Showing posts with label Ireland. Show all posts
Showing posts with label Ireland. Show all posts

Saturday, March 4, 2017

Fairy Forts and Leprechauns- The Cookes of Clooningan

Former home of Michael Cooke and family, Clooningan, Sligo, Ireland
     No, I haven't lost my mind. I have scored yet another find in my family history. You are looking at the house in which my grandmother, Catherine Marie Cooke was born in March 1878. It would have had different windows and a thatch roof, but this is the family home. How did I find this? Well, I joined a website called Ireland Reaching Out. I can highly recommend this site as I've had hits for both the Fitzgerald and Cooke sides of the family. The one that yielded this photo was from Ciaran, who, it turns out, is a rather close cousin still living in the area. More on all that later. He sent me a whole series of photos of the Cooke property including this one. This property was sold out of the family, but some of the surrounding land is still occupied and farmed by family.
     The photos that intrigued me were labeled as a "high circle" or "fairy fort" which still exists on the property. What is a fairy fort? Well, I had to find out. A ráth or fairy fort is the remains of a stone age or early Christian period ring fort which was built as a defensive enclosure.  A high clay bank was built up in a large ring, surrounded by a ditch and topped with a wooden stockade enclosing wood-framed dwellings. In western Ireland, where stone was more plentiful, the surround would be of stone as you see here.
Ringfort in Donegal
The ringfort on the Cooke property was most likely of the wooden variety. You often see pictures of the surviving trees or large hedges that surrounded them. Here's the view up the hill on the Cooke property where you can see the ring of trees.

And here's the view at the fairy fort itself.
You can see that a line of trees has been deliberately planted, but it's hard to tell much. I went to Google Earth to get a better look.

You can see the fairy fort at the tip of the red arrow and the Michael Cooke home just below it along the road to the right.
     The next part is where a strong dose of Irish imagination figures in. The Irish folklore holds that fairy forts were imbued with Druid magic and with the Tuatha Dé Danann and were entry points into the fairy world. (The Tuatha Dé Danann were the ancient pre-Celtic inhabitants of Ireland) Altering a ringfort in any way would bring terrible fortune on that person. (Even cutting the whitethorn brush around them) There are also numerous tales of supernatural experiences happening at these ringforts. Another story associated with a ringfort is that this is the place where a leprechaun hides his gold. Clearly my relatives never benefited from the help of a leprechaun!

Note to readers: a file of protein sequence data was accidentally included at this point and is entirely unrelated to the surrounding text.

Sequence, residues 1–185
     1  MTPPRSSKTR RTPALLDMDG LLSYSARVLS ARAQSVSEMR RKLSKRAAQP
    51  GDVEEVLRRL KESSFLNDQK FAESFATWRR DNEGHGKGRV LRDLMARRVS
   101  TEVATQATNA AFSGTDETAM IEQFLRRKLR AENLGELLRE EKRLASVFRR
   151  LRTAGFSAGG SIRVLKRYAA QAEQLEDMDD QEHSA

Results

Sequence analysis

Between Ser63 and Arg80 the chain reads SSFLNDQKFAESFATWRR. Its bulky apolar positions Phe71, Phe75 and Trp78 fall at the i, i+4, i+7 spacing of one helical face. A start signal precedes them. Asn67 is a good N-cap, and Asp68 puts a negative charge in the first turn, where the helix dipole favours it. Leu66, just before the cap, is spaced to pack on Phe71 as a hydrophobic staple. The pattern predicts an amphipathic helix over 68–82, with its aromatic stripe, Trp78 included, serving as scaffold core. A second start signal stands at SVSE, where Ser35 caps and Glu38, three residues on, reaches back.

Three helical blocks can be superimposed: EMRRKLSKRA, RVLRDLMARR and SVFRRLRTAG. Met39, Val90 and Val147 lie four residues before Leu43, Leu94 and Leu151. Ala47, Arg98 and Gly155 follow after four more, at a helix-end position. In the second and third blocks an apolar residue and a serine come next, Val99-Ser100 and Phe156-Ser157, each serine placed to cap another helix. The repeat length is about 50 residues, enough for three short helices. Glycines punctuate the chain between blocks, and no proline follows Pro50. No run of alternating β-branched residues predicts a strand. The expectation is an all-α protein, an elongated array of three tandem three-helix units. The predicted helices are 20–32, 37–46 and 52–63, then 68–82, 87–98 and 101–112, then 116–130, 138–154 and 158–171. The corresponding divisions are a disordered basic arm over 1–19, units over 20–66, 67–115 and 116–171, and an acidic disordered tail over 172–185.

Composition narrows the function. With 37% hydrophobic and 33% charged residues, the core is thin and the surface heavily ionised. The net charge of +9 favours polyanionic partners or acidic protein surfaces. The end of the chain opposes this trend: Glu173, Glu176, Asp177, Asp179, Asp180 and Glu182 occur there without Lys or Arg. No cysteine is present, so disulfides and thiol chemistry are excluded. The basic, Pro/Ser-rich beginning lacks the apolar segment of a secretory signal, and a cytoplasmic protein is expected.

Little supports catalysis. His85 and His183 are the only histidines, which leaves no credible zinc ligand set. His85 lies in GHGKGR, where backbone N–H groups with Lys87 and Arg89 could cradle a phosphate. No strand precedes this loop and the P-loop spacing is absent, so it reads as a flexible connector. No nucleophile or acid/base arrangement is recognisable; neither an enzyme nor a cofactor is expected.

I'm not a big fan of the American celebration of St. Patrick's Day, but this tidbit seemed too good to pass up. Many American-born Irish know so little about true Irish culture or language or folklore.  I also realized just this morning that today would be my grandmother's birthday. She was born on March 4, 1878. So Happy Birthday Katie. I'm thinking of you.

Sunday, January 22, 2017

Catharine Fitzgerald...A Small Postscript

So I heard back from Frank Thompson and he wanted to clarify a few points from the previous post. First, the Ballinoe I found was one of several in County Cork. The actual scene of my family drama was closer to the previous locations. If you look at the map in the previous post and find the Cork airport, this is the area just south and west.
You can see Ballinhassig in the far lower left, Ballygarvan in the center and Monees, which Frank tells me is more commonly called Moneygurney. So they stayed in the same general area) He tells me that the locals would most likely have gone to the chapel in Ballygarvan. He enclosed a picture:
This is also where many of Frank's relatives attended. But Frank cautioned against the idea that baptisms and big weddings were going on in these places. This was an point in history where the religion of Ireland was the Church of Ireland. Here is Frank's explanation:
"However, neither weddings nor baptisms were normally held in the ‘chapel’ (as all Catholic churches were called, no matter how big).  For somewhat complicated reasons, they were normally held on ‘private’ premises, that is, in people’s houses, meeting halls, barns, or even pubs.  This was because, officially, weddings and baptisms were supposed to be held only in Church of Ireland (Protestant) churches, the only Church recognized by the state until 1869.  Of course, this was a joke, because no one really questioned the validity of a Catholic marriage, and it would not have been practical to force parents to have their children baptized in the ‘parish church’ (Protestant).  To avoid conflict with the letter of the Protestant law, therefore, the Catholic ‘chapel’ was used only for mass, not for any event that might have official or legal significance.  The parish priest constantly rode about his parish on horseback, marrying and baptizing along the way.  For each service, he collected a fixed fee.  And, just as important, he expected to get his ‘dinner’ at the houses of at least the better-off recipients of his services. "
I went back and reexamined the marriage record for Robert and Ellen and found this for the 7th April 1825.
Frank agrees that the Mary he found seems most likely to be Mary Catherine. He commented that the name Robert wasn't terribly common among Cork Catholics and of course I always figure the odds of finding exactly Robert Fitzgerald combined with Ellen Desmond within the span of years I give.